In Psalm 92:13 to 15 is an Old Testament passage that parallels John 15:8. It says essentially the same thing. God is honored when we bear fruit. Listen to Philippians 1:11. Well, verse 10, he says, “That you may approve things excellent, that you may be sincere, without offense, till the day of Christ; being filled with the fruits of righteousness” – listen – “which are through” – or by – “Jesus Christ, unto the glory and praise of God.” God is glorified when we bear fruit, Philippians 1:11.
I mean, 1 Corinthians 9:7 says, “Who plants a vineyard and eats not the fruit of it?” I mean, it’s just – God should expect that; He planted us. And His character in the eyes of men is at stake, is at stake by the fruitfulness of the life of the Christian. That’s true.
In Peter 2:9, “You’re a chosen generation, a royal priesthood, a holy nation, a people of His own,” – listen – “in order that you should show forth the praises of Him who called you.” That’s what we’re for, to put Him on display to the world.
Sad note in contrast is Romans 2:24, “For the name of God is blasphemed among the Gentiles through you.” Can you imagine that? Paul says to those Jewish people, “Instead of you living to give glory to God, God’s name is getting blasphemed because of the way you’re living.” That’s tragic.
Second Corinthians chapter 5, verse 15, familiar passage: “And He died for all, that they who live should not henceforth live unto themselves, but unto Him.” That’s the purpose of our life: to live for His glory, and to bear fruit.
Well, Colossians 1:10 takes it a step further even: “That you might walk worthy of the Lord unto all pleasing,” – watch – “being fruitful in” – and here comes the definition – “every good work.” Yes, being fruitful in every good work. That tells us what that fruitfulness means. Fruit is good works.
Ephesians 5:9, “The fruit of light is goodness, righteousness, truth,” – good deeds, righteous life, holy habits. But it’s more than just works, it’s also attitudes, right? Galatians 5: “The fruit of the Spirit is love, joy, peace, gentleness, goodness, faith, meekness, self-control.” So it’s attitudes and it’s deeds. But, you see, when we live a life of good works, the world will see our good works and do what? Glorify our Father in heaven.
Let me give you a sixth one. We glorify God by praising Him. We glorify God by praising Him. And here I interpret the term “praising” in the sense of the recitation of the verbalizing of God’s wonderful works.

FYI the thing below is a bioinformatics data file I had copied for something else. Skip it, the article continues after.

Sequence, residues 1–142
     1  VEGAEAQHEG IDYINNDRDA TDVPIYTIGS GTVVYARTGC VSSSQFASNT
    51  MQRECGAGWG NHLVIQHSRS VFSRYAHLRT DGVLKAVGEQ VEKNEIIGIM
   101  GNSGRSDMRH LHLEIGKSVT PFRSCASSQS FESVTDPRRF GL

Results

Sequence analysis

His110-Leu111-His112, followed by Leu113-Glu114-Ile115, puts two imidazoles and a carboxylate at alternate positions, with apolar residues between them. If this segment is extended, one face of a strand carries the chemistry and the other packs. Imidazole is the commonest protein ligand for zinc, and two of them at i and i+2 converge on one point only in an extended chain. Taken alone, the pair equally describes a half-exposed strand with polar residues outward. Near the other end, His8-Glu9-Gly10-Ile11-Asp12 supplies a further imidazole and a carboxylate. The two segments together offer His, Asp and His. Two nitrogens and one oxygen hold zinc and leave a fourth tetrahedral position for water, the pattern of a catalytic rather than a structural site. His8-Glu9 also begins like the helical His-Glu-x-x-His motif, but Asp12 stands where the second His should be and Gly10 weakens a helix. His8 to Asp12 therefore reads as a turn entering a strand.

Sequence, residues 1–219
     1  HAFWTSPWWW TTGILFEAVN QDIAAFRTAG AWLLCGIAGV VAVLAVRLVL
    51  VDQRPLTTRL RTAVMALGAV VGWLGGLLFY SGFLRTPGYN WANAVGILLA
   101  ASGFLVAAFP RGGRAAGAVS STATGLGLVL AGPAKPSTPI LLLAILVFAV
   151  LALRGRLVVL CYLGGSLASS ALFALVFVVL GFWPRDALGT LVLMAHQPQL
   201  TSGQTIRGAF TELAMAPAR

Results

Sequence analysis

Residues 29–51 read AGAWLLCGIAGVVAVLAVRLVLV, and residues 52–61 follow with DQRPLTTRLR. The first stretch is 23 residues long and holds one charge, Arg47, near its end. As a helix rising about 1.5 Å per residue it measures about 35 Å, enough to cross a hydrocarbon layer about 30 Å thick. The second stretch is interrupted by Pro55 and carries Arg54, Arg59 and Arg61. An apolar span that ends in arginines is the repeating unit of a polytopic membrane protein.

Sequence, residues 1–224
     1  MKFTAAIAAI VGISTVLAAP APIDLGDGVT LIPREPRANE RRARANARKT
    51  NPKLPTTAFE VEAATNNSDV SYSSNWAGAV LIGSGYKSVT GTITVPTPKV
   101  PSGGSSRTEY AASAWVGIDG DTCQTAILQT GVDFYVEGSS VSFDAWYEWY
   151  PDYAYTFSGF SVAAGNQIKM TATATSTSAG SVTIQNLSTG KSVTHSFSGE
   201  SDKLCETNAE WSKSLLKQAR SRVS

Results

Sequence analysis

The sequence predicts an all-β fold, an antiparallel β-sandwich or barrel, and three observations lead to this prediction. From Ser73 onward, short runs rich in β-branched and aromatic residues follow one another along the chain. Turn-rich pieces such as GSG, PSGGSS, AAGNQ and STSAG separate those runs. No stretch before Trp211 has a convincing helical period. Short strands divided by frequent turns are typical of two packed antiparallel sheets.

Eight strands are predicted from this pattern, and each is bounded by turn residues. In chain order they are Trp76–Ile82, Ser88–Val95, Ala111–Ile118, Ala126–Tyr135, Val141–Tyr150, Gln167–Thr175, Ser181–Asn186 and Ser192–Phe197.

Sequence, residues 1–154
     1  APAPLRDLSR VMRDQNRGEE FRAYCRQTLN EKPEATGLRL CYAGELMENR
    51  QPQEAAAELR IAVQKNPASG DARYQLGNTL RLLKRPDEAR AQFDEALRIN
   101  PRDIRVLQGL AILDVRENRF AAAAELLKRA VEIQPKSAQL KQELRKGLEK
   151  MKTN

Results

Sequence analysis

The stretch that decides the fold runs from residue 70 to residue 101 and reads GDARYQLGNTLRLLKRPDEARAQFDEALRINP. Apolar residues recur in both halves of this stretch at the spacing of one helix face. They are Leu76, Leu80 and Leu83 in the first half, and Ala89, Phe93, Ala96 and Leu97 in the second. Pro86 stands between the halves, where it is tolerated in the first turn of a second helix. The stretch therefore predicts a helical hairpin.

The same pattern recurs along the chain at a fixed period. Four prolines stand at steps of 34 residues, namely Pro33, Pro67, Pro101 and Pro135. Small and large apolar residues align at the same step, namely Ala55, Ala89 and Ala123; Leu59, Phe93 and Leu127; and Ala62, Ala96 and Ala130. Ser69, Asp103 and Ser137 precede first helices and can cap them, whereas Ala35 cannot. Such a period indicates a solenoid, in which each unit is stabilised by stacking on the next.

Psalm 50, verse 23 says, “Whoso offereth praise glorifieth Me.” Psalm 50, verse 23, “Whoso offereth praise glorifieth Me.” Now this is simply exalting God, the praise of our lips. The Hebrew word bara, “to create;” the Hebrew word barach, “to praise.” Interesting how similar they are. Praise is all about exalting God for what He’s done, for what He’s made, for what He’s accomplished.
If you want a great illustration of praise, read Habakkuk chapter 3. And, you know, Habakkuk, he’s got problems. I mean, he doesn’t understand anything that’s going on. He can’t figure out why God doesn’t bring a revival to Israel; and then when God tells him He’s going to bring the Chaldeans over to wipe out Israel, he doesn’t understand that either; and he’s got a real problem.
But, you know, in the midst of his problem, he just stops in Habakkuk 3, verses 3 through about 16, and he just praises God. He says, “God, You did this, and You did that; and You did this, and You did that; and You did this, and You did that. And I’m so glad, and I’m so thankful. Thank You, God, for doing this and doing all these things.”
You say, “What’s he saying all that for?” Because he’s building up confidence. You know how to trust God in the present? Watch Him in the past. God has already established the pattern of His faithfulness, right?
You know why God wants us to recite His wondrous works? Because it’s a continual reminder that He’s never proven unfaithful in history. You know one good reason to study the Old Testament? To find out that God is a faithful God. And if you can see Him vindicated all through the past history of man’s age, you can certainly trust Him in the moment.